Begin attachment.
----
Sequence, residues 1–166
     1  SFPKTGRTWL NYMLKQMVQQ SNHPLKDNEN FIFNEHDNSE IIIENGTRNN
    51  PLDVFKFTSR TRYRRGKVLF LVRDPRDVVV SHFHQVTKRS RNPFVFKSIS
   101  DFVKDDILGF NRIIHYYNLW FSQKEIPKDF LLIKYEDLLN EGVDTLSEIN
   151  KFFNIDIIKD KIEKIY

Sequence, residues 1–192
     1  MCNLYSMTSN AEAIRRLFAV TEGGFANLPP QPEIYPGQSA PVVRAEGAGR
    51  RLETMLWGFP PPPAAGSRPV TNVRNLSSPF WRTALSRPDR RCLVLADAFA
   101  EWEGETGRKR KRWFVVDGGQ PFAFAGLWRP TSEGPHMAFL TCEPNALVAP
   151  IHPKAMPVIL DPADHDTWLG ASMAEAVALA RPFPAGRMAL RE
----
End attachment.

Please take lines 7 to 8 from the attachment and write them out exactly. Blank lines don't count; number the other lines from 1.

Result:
     1  MCNLYSMTSN AEAIRRLFAV TEGGFANLPP QPEIYPGQSA PVVRAEGAGR
    51  RLETMLWGFP PPPAAGSRPV TNVRNLSSPF WRTALSRPDR RCLVLADAFA